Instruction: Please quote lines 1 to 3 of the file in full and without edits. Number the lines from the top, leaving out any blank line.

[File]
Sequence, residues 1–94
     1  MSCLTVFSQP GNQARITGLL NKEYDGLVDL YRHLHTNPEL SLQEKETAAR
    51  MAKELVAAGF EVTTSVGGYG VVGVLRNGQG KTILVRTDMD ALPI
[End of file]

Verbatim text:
Sequence, residues 1–94
     1  MSCLTVFSQP GNQARITGLL NKEYDGLVDL YRHLHTNPEL SLQEKETAAR
    51  MAKELVAAGF EVTTSVGGYG VVGVLRNGQG KTILVRTDMD ALPI